More young visitors flock to the birthplace of Party
The number of young visitors to the Site of the First National Congress of the Communist Party of China and its memorial in Shanghai has been rising sharply in recent years, officials at the venue said.
"A century ago, the average age of the 15 representatives-13 domestic delegates and two from the Comintern-who participated in the CPC's First National Congress in this 18-square-meter sitting room was 28," said Yang Yu, an associate research fellow at the memorial.
"People of the same age group today are showing rising interest in understanding the history of the CPC's founding in the old days and carrying on the mission during the new times."
She said the site, a typical Shanghai house with a courtyard and stone-framed gates known as shikumen, was where the CPC was conceived, born, and went the extra mile to explore its initial path of development.
A century on, the building has retained its original look, becoming a landmark of the city's Red history and a vivid textbook that allows young people to learn about the Party's past and present, Yang said.
Some young people today are involved in establishing various types of startups, Yang said.
One young visitor, who was a university student, told memorial workers after his visit that he felt the Party's pioneers were working on the greatest entrepreneurial project a century ago-the founding of the CPC and later the new China, she said.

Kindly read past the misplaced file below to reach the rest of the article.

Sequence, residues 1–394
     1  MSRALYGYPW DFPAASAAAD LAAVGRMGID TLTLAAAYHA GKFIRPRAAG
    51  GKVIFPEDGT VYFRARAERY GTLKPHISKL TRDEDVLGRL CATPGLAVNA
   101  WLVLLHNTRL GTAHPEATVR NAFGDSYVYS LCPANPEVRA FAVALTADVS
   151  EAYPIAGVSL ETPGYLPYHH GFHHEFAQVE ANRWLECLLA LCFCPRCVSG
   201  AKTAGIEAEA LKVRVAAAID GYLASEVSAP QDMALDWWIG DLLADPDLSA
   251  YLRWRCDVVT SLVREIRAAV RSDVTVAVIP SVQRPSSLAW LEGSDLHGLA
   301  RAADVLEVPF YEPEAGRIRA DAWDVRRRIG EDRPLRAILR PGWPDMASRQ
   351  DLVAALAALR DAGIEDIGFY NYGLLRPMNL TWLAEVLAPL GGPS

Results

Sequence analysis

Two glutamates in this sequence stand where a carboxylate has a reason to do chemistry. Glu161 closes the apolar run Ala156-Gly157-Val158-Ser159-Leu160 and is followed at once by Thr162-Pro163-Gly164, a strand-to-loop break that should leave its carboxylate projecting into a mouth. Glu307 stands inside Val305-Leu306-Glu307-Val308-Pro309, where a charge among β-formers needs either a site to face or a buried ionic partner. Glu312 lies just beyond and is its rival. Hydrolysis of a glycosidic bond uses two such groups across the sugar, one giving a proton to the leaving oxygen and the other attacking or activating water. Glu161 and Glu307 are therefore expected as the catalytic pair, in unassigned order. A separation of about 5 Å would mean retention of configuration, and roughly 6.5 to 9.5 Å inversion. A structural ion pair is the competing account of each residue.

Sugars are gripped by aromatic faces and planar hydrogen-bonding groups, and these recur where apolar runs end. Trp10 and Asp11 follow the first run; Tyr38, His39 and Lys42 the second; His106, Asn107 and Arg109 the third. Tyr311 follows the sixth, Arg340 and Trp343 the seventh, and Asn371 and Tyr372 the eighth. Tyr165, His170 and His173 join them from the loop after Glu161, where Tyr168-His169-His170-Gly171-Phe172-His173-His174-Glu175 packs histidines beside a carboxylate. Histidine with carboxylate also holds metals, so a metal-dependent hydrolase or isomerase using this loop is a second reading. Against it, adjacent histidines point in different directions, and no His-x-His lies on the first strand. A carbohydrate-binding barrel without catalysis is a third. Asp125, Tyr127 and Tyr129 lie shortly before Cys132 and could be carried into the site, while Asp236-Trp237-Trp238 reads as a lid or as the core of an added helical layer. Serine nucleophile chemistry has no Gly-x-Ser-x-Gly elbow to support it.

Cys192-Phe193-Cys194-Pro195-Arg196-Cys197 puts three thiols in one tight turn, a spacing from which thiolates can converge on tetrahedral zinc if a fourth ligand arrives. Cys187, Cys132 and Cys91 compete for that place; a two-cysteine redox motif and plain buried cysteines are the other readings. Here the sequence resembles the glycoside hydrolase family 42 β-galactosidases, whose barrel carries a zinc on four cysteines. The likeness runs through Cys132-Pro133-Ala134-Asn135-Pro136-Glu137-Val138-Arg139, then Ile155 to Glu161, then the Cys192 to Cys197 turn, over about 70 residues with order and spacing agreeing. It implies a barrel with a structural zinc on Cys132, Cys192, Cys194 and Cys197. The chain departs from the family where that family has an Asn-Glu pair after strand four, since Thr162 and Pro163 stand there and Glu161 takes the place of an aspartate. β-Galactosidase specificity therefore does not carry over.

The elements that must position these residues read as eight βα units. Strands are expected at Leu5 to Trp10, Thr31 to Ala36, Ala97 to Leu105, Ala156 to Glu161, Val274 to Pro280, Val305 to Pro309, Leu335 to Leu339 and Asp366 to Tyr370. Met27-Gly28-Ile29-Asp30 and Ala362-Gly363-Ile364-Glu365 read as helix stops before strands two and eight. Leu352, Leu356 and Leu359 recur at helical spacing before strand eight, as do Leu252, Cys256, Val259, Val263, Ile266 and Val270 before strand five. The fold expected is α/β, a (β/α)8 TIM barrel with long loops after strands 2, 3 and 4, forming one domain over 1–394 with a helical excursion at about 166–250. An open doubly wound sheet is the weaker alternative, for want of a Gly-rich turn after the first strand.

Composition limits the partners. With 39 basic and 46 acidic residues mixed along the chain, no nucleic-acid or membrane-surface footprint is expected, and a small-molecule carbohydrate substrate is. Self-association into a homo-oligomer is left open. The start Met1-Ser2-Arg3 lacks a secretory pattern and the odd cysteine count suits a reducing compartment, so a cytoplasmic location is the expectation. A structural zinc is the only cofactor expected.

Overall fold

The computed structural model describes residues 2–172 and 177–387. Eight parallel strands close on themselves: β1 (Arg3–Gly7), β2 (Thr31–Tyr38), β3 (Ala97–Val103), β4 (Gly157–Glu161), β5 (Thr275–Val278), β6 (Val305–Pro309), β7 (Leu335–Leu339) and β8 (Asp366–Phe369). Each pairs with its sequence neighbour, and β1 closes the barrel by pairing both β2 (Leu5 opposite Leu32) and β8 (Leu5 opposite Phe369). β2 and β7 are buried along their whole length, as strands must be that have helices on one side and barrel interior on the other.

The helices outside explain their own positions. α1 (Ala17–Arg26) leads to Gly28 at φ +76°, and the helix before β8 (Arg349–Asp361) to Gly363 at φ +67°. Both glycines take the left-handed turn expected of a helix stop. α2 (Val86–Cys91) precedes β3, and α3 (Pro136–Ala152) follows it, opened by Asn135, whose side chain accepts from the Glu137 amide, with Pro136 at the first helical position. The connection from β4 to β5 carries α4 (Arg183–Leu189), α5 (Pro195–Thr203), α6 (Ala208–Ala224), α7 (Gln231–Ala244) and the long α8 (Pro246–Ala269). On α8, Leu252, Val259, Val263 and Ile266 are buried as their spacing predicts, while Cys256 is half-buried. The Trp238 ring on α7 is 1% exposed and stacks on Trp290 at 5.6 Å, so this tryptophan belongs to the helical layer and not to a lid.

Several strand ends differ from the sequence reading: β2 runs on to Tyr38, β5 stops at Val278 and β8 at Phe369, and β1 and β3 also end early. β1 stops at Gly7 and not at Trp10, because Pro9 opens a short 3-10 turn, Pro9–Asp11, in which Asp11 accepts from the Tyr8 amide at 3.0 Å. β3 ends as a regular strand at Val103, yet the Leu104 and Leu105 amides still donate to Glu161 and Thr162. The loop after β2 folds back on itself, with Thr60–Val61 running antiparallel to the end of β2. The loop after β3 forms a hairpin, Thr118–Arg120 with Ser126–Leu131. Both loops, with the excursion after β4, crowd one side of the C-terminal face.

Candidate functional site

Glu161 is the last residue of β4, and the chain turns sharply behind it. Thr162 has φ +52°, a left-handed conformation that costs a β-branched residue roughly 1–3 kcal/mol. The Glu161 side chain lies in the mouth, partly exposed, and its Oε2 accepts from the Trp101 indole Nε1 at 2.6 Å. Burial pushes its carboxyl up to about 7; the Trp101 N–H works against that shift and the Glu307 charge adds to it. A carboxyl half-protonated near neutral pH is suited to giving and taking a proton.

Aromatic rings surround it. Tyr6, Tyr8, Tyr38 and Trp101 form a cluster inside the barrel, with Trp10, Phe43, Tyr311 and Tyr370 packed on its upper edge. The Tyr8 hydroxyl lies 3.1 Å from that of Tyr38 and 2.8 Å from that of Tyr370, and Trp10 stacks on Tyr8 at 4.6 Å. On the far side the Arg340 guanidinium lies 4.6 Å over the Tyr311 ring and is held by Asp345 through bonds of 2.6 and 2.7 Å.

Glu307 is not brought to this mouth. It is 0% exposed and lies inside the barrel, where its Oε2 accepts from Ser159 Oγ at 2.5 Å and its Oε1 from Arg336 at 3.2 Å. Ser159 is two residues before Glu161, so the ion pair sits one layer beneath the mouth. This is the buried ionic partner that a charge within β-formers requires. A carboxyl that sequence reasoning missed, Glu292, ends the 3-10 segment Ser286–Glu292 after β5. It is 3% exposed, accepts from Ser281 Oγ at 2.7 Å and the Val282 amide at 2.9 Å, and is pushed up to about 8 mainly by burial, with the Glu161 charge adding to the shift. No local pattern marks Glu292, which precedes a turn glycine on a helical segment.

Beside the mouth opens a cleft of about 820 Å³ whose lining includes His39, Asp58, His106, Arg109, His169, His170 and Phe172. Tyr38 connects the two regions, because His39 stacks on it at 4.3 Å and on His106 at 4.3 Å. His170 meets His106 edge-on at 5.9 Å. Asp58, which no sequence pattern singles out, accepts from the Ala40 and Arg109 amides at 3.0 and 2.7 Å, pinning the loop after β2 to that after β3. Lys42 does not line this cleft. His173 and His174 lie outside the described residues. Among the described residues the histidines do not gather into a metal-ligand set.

The popularity of the site and the memorial has risen since President Xi Jinping, who is also general secretary of the CPC Central Committee, visited the site in October 2017.
Data from the site shows it averaged between 500,000 and 550,000 visitors a year before 2017, but that figure surged to 1.42 million in 2018 and 1.46 million in 2019.
Yang added that the site of the congress was identified in 1951 from more than 2,000 identical shikumen buildings in the block and nearby after a search lasting more than half a year.
Venue officials said renovation of the site and the memorial has been completed after five months of effort and they will be opened to the public before July 1, when the centenary of the founding of the CPC, now the world's largest political party with nearly 92 million members, will be celebrated.
During this month's May Day Holiday, many people from Shanghai and other parts of China visited the site. A square in front of a new extension to the memorial, across the street from the old one, was opened to the public.
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